By Syed B. Soharwardy
When I received the news that in Switzerland 57.5 percent of voters and 22 cantons (provinces) out of 26 cantons have voted to ban building of minarets on mosques, I was at a mosque in Calgary, Alberta, Canada. I am the Lead Imam at the Al Madinah Calgary Islamic Centre. It is also called Al Madinah Masjid (Mosque). I had just finished the prayer and a member of our congregation gave me the Swiss news. I smiled and asked the brother to come outside. When we came out of the mosque, I took him around the mosque and asked, do you see any minarets on this mosque? He said, “no”. I said, “this place does not even look like a mosque from outside”. He smiled. He knew what this minaret less mosque has achieved within five years of its existence that many mosques with minarets could not achieve.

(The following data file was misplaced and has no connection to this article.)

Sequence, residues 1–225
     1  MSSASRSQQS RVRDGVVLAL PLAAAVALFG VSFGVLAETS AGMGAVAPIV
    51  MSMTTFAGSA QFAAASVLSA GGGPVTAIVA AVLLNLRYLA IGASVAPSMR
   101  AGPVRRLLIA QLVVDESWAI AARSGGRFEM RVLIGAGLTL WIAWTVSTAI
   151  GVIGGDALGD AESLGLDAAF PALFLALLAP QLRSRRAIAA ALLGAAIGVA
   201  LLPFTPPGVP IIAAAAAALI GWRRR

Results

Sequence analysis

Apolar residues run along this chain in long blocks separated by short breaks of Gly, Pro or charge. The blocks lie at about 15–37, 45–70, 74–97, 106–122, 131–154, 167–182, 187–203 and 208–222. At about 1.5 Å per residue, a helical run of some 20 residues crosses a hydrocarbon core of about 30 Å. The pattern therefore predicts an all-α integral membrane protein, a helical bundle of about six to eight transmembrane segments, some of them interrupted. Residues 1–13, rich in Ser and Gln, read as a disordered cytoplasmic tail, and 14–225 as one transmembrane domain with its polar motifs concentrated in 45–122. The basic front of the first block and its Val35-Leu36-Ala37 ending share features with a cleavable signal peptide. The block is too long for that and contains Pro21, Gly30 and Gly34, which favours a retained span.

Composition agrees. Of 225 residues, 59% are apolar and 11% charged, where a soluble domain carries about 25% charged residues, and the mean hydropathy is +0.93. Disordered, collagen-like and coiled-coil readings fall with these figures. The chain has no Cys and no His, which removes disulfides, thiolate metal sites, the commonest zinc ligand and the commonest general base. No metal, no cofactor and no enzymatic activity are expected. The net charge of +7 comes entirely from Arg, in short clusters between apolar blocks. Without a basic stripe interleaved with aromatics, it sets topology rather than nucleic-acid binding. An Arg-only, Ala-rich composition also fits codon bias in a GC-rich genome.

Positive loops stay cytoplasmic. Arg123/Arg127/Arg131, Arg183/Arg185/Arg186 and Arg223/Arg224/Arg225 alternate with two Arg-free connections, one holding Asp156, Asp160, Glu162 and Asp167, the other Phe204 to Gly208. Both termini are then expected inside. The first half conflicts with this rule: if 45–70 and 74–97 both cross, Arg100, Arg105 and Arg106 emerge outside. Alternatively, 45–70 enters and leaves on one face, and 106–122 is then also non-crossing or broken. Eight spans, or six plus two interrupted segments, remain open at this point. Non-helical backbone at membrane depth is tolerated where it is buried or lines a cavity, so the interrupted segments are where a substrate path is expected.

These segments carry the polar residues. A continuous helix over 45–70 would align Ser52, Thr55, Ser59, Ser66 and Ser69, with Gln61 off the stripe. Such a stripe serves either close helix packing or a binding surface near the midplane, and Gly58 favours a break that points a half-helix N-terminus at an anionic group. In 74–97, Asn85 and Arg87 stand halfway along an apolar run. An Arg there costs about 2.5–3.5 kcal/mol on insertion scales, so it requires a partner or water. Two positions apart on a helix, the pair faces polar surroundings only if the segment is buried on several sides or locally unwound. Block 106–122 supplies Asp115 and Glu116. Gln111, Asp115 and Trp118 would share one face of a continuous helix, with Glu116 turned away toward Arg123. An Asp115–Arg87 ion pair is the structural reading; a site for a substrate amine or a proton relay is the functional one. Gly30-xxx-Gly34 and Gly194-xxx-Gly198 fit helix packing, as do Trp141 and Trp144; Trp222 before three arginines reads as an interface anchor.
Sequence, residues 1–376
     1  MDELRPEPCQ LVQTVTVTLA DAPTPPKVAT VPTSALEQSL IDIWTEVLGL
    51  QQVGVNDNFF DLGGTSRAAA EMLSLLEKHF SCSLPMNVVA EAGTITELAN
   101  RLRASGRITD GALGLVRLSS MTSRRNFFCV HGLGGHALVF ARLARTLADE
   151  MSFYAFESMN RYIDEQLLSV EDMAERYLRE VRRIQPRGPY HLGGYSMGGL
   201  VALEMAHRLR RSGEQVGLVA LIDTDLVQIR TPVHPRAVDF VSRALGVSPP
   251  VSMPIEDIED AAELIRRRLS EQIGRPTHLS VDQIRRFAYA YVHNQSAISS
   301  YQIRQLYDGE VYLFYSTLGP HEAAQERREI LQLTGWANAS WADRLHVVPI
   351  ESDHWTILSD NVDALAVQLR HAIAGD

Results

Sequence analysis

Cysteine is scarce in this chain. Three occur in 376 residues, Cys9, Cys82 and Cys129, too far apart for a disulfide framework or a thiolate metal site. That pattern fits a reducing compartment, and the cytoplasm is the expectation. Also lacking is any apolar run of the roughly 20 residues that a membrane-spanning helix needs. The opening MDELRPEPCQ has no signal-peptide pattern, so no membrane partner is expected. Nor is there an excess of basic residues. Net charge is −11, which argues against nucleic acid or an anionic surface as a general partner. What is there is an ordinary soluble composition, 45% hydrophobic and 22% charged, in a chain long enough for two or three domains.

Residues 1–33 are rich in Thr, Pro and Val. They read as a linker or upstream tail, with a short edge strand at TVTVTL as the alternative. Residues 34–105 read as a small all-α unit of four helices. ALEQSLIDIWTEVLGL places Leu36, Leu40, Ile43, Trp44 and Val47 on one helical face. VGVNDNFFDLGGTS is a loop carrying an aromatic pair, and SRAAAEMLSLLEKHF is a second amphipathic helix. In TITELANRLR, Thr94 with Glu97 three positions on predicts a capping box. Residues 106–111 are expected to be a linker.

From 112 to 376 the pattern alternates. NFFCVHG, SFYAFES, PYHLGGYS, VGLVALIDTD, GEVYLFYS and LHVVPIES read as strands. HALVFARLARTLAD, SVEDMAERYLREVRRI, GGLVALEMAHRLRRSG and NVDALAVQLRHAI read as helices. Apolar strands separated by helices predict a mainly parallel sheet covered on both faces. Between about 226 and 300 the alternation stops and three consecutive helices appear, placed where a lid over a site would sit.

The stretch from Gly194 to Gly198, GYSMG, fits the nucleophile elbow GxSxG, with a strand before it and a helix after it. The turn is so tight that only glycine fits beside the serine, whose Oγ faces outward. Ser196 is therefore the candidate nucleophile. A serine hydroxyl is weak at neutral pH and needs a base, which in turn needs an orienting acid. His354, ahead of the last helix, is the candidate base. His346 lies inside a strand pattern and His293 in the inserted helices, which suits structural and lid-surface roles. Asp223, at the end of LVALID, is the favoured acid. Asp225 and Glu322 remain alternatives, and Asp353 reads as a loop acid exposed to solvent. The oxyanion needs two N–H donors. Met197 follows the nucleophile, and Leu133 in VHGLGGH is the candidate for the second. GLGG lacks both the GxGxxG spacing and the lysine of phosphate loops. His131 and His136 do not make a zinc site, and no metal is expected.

Al Madinah Calgary Islamic Centre was established in 2005. It is located in a shopping mall. We purchased two shops and converted them into a mosque. If the sign outside the mosque is removed, no one would even know that this is a place of worship for Muslims. In less than five years our congregation grew from 27 people to almost 2000 people. We have more than 200 girls and boys learning Qur’an and Islamic teachings. In less than five years 23 non-Muslim Calgarians embraced Islam at the Al Madinah Islamic Centre. Every year hundreds of Calgarians; Christians, Jews, Atheists, Hindu, Sikh, Buddhist and others visit the Al Madinah Centre and take part in the Interfaith Dialogues. 99% of those who attend the interfaith activities at the Al Madinah Centre change their attitude about Islam and Muslims. Their misconceptions and misunderstandings about Islam are removed. They appreciate that someone has helped them in removing those fears and distrust of Muslims that the media tries to build every day. In Ramadan, every year for one month, more than 200 Muslims and non-Muslims eat together at the sunset time at the Al Madinah Mosque.